Pinching pennies on advertising helped to preserve one of Aldo Group’s key advantages: lower prices. By selling its products through its own stores, it could undercut competitors such as Nine West and Steve Madden, which sold much of their merchandise through department stores.
While offering low prices, Aldo Group was also careful to invest in well-designed stores, removing any perception that it was merely a discounter. “People want style and they want it at a good price, but they don’t want it to be perceived as cheap,” said Tony Grossi, a New York retail real estate consultant.
Today, Aldo Group operates 475 stores in the U.S. and another 471 in Canada. It is also a force in the U.K., Mexico and much of the Persian Gulf. In its core English-language markets, stores are company-owned; outside of those markets, Aldo Group teams up with seasoned local retailers as franchisees.
Those local retailers provide head office with a window on local preferences that can tilt footwear selection. In its Persian Gulf markets, for instance, Aldo Group stocks more men’s loafers and open-toed sandals than it does in North America, because Muslim men like footwear that can be easily slipped on and off for prayers five times a day.
Back in North America, though, sales growth is slowing. Aldo Group’s burgeoning competition includes discount titans such as Payless and Wal-Mart, as well as the fast-fashion trendsetters like H&M and Zara. It is also up against a sluggish economy, especially in the U.S.
To find new avenues for growth, it is trying to sharpen its fast-fashion advantage in what it internally calls Project Sunshine. “It’s actually not that hard when you’re growing at two stores a week to hide your mistakes,” David said. “Now that we’re not growing as much, we need to be a lot sharper with how we do our buying and inventory management.”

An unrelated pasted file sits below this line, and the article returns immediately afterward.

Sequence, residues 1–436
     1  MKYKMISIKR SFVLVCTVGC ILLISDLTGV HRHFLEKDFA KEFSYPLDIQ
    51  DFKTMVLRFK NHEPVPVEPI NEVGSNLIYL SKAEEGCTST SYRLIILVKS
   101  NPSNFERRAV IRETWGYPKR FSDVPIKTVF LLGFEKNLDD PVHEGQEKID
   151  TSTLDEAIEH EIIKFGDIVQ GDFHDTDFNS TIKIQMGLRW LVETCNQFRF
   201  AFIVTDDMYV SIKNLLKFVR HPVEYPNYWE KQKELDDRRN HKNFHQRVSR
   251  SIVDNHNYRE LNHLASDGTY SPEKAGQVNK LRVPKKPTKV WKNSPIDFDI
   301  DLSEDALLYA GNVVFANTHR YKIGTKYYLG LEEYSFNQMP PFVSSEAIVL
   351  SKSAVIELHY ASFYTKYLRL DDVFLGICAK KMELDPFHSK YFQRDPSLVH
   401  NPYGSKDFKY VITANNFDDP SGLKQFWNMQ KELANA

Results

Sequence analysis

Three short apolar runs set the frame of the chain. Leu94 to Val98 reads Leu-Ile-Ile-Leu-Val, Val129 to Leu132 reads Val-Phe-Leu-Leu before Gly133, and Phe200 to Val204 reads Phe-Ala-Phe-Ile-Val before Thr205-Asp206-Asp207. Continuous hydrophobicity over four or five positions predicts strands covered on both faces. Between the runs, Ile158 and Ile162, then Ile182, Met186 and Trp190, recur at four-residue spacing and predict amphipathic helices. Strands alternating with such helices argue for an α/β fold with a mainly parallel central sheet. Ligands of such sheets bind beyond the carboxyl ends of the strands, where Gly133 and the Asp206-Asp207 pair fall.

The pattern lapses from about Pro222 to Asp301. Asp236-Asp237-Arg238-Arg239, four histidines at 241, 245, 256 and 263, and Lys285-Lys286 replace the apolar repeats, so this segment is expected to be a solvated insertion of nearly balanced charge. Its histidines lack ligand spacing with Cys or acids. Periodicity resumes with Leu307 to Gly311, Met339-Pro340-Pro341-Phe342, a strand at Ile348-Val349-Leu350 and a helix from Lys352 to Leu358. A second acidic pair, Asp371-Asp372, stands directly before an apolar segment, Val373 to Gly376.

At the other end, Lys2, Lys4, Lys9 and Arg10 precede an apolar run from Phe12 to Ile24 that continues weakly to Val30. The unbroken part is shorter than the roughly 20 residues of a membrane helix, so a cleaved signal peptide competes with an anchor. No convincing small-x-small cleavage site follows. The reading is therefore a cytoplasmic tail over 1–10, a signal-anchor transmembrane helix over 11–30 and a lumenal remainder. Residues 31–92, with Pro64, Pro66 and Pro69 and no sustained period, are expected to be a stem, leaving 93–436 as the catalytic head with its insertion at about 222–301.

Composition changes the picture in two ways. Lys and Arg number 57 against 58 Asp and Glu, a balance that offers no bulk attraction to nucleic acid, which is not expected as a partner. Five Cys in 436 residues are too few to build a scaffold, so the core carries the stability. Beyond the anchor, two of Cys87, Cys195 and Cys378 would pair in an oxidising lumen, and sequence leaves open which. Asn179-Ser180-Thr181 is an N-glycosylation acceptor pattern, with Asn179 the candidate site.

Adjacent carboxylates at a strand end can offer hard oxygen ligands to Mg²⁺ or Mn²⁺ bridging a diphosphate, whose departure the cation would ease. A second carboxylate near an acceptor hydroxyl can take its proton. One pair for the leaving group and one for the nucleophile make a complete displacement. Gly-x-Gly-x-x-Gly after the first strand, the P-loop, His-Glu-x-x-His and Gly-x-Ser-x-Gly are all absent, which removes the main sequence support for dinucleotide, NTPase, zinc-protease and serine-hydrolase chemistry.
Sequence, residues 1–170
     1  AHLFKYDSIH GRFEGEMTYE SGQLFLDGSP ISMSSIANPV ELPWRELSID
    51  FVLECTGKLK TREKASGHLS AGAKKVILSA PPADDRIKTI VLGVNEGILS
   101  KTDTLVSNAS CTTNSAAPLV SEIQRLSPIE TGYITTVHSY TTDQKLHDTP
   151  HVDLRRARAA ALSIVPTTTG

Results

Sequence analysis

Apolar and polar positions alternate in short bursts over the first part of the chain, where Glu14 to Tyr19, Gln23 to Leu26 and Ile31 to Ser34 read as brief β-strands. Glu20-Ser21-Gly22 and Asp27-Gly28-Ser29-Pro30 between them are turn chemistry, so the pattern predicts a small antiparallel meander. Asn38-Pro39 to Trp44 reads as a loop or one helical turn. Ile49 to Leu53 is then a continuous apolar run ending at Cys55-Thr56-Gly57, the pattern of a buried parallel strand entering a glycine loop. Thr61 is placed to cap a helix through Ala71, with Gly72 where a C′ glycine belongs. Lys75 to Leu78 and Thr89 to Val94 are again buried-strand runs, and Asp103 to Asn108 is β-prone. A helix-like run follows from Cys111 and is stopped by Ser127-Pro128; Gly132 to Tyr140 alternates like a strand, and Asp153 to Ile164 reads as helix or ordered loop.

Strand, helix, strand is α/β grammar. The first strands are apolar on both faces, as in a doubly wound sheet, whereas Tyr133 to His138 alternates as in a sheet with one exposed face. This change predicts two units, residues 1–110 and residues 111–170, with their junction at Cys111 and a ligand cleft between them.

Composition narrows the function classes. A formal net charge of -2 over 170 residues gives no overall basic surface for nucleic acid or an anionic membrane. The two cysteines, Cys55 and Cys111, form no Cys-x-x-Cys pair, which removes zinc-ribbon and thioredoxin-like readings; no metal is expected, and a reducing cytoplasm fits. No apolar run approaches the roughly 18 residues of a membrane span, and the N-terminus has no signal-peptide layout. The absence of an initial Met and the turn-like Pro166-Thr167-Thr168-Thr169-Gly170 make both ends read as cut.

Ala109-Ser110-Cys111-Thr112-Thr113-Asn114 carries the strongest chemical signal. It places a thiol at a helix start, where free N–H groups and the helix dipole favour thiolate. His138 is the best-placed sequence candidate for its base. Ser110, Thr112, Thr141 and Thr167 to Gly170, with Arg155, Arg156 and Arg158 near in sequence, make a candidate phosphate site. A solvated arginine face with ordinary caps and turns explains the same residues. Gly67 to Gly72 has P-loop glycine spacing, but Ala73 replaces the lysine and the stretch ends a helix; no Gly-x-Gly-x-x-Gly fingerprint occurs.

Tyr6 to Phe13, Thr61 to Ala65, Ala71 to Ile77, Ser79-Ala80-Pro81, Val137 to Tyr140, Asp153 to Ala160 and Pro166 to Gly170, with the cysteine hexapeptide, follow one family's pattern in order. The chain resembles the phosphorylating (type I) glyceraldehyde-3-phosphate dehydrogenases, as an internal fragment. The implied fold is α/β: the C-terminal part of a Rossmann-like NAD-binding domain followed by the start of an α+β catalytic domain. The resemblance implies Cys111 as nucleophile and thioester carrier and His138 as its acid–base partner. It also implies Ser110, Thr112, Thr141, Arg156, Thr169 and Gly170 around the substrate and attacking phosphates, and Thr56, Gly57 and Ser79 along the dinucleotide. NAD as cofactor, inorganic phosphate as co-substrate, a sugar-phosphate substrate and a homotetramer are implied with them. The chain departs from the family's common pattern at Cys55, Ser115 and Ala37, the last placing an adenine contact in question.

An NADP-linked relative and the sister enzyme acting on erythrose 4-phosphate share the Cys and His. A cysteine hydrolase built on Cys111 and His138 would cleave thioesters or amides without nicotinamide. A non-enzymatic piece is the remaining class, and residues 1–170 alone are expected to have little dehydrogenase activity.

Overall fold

Head office now gets hourly – rather than weekly – sales data, allowing it to make faster decisions about restocking top sellers or ditching losers. The speedy updates shave the time it takes to get shoes on the shelf by as much as 30 per cent.
Mr. Bensadoun wants to expand in North America without the huge spending needed to open new stores. The solution: Wholesale products to other retailers. His company recently struck deals to supply products to department stores Kohl’s and J.C. Penney and online retail giant Zappos.com. And starting next spring, Aldo Group will ship its revived Pegabo line to the Bay department stores.
In yet another evolution, Aldo Group is using its retailing savvy to help other companies such as Italy-based Miss Sixty run their shops in foreign markets. “We said, ‘There’s got to be other ways to make money than just keeping on opening stores,’ ” David said.
Aldo Group itself is eyeing new markets, including China, Japan, Brazil, Italy, Germany and France. It believes it can double annual sales to $3-billion within five years. “It’s a playing field that’s in constant evolution and we’re always trying to change our recipe to fit into it,” he said.
HIT AND MISS
Aldo is not the only Canadian retailer to enter the U.S. market. But it’s one of the few to succeed.
The Vancouver-based yoga wear chain expanded rapidly in the U.S. after it went public in 2007, and now operates 75 of its 130 stores south of the border.
Montreal-based Le Château entered the U.S. market in 1985, but has struggled since. This spring it closed one of the four U.S. stores it had left and will shut the remaining three when their leases expire.
In 2005, the Toronto-based leather chain closed three struggling U.S. stores after four years in the market.
In 2005, the then Montreal-based lingerie retailer was forced to shut its five U.S. stores after about two years in the market. Almost two years later it was taken over by the U.S. parent of rival Victoria’s Secret.
Mark’s Work Wearhouse
The Calgary-based work and casual wear chain entered the U.S. market in 1981 and peaked at nine stores before the U.S. operation filed for bankruptcy six years later.
Toronto-based Canadian Tire wasn’t able to turn around a U.S. chain it scooped up in 1982; it failed again in the early 1990s in its second attempt at the U.S. market.